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go2altitude Newsletter: BLOOD TESTING AT ALTITUDE

NUTRITION AT ALTITUDE

Many climbers undergo bloods to measure certain altitude-related parameters within the body to assess how well the body is adapting. The most commonly assessed parametres includes:

FBC ...
(or Full Blood Count) which is a measure that includes just about everything. However in particular the most significant indicators tend to be red blood cell counts, hematocrit and hemoglobin.

Red blood cells (RBC) - It is these cells that carry oxygen and make up between 35-50% of the total blood volume. To some extent the more red blood cells you have, the greater the body's ability to deliver oxygen to working muscles. Altitude exposure increases red blood cell, which in turn leads to a greater availability of oxygen to working muscles allowing the athlete to work harder (i.e. Go faster for longer).

Hematocrit (or [Hct]) - Is an expression of red cell volume as a percentage of the total blood volume. In a normal adult it tends to be between 40 to 45%. An optimum hematocrit is a balance between maximising oxygen carrying capacity and how thick (or viscose) the blood becomes - making it harder and harder for the heart to pump. When Hct increases above 50% there is an exponential rise in this viscosity. With endurance training, however, there is a decrease in viscosity (because the plasma volume expands - which is the solution in which the RBC float), as well as increase in the pliability of the RBC, making the blood more fluid. Hct do become dangerous 55% or above. It should be noted if you can elevate your Hct by 25% (from say 40 to 50%) you'll be making any additional 25% more oxygen available to your working muscles. Short of cheating by injecting an illicit substance, altitude simulation can help you to achieve this.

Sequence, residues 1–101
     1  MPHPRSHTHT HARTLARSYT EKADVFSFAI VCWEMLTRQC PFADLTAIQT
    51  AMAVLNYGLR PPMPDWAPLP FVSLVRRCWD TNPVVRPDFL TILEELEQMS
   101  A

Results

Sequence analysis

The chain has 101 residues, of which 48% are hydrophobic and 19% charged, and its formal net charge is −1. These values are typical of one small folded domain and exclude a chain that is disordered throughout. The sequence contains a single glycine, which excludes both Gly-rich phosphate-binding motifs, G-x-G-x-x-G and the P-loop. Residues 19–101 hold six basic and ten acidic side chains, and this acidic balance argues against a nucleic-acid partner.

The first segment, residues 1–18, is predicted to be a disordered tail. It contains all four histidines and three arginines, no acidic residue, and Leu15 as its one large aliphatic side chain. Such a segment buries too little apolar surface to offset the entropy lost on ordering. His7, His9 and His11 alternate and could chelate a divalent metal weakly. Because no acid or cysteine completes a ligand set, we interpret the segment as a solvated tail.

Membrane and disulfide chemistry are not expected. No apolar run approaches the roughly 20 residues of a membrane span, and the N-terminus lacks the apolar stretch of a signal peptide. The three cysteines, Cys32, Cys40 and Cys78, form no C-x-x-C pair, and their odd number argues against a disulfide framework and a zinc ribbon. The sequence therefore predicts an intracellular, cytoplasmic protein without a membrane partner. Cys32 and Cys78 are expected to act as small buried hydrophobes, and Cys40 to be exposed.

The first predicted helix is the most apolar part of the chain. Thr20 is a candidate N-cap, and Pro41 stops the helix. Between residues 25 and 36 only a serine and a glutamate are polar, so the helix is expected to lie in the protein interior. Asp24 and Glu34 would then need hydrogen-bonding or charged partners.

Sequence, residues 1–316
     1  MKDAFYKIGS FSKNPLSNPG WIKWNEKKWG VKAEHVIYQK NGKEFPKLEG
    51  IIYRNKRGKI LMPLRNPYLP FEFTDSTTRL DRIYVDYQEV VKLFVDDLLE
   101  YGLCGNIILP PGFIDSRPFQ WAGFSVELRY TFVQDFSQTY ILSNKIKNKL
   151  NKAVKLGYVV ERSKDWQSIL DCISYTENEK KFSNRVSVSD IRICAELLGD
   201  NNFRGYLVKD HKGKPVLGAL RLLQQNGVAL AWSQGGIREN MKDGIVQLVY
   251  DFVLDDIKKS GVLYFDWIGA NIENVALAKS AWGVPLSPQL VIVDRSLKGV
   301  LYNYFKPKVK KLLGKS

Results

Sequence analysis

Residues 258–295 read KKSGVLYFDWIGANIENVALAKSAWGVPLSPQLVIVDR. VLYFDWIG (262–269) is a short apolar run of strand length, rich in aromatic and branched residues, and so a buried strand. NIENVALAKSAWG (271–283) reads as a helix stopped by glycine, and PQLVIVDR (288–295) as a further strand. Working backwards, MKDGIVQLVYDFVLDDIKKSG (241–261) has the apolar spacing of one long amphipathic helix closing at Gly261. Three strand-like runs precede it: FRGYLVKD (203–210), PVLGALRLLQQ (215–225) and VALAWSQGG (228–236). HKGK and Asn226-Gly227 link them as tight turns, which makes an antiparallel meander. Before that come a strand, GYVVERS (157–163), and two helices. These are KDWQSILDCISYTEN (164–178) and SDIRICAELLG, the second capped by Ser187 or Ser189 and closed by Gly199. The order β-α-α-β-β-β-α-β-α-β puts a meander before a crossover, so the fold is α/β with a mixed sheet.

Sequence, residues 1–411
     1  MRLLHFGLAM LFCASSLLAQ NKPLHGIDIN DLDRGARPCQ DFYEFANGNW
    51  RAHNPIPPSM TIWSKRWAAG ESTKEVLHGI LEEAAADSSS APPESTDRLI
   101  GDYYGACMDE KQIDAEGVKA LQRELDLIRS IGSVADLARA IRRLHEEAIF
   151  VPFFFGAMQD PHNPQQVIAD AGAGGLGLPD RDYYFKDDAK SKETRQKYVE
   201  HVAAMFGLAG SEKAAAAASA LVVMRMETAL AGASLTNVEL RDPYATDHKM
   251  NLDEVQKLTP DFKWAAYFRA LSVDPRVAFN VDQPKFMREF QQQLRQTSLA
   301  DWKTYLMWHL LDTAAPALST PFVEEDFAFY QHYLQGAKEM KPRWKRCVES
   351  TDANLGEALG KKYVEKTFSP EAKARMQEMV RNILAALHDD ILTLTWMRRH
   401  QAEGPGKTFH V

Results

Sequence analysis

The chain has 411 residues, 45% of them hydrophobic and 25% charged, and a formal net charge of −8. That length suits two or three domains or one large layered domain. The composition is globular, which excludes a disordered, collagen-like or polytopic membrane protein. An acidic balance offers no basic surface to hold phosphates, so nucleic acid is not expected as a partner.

Hemoglobin (or Hb) - Is the protein that binds and carries oxygen on the RBC. At high oxygen concentrations (in the lungs) Hb binds oxygen. It then travels (to areas of low oxygen concentrations (e.g. Working muscle cells) where the Hb releases the oxygen. As a consequence of altitude, the resultant greater circulating Hb increases the oxygen-carrying capacity of the blood.

EPO...is a hormone that regulates the growth and development of RBC and Hb from stem cells of long bones. Measuring EPO concentrations in the blood can be used to determine the potential of the body to increase RBC production and hence improve oxygen delivery to the tissues.

Within hours of altitude exposure, EPO concentrations increase significantly by as much as 40% hitting maximum levels within 72 hours.  The higher the altitude the greater the EPO response. If the athlete stays at altitude this response levels out within a week, but stays elevated relative to sea-level conditions.

FERRITIN ... (or Serum Ferritin) is a common indicator of iron stores, which in turn are an indicator of Hb production. A low ferritin can be indicative of iron deficiency - not an uncommon occurrence for athletes traveling to altitude for the first time and not being aware of the increases in RBC production and hence the potential for iron depletion which eventually results in over-training syndromes, a lowering of athletic performance and illness.